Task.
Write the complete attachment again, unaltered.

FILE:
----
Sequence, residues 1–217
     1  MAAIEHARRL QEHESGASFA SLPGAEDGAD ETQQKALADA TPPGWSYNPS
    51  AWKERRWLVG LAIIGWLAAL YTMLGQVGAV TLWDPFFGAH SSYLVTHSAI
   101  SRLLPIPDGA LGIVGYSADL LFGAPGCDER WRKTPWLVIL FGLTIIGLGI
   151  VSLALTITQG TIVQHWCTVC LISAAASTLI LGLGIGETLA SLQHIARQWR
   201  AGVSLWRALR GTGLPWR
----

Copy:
Sequence, residues 1–217
     1  MAAIEHARRL QEHESGASFA SLPGAEDGAD ETQQKALADA TPPGWSYNPS
    51  AWKERRWLVG LAIIGWLAAL YTMLGQVGAV TLWDPFFGAH SSYLVTHSAI
   101  SRLLPIPDGA LGIVGYSADL LFGAPGCDER WRKTPWLVIL FGLTIIGLGI
   151  VSLALTITQG TIVQHWCTVC LISAAASTLI LGLGIGETLA SLQHIARQWR
   201  AGVSLWRALR GTGLPWR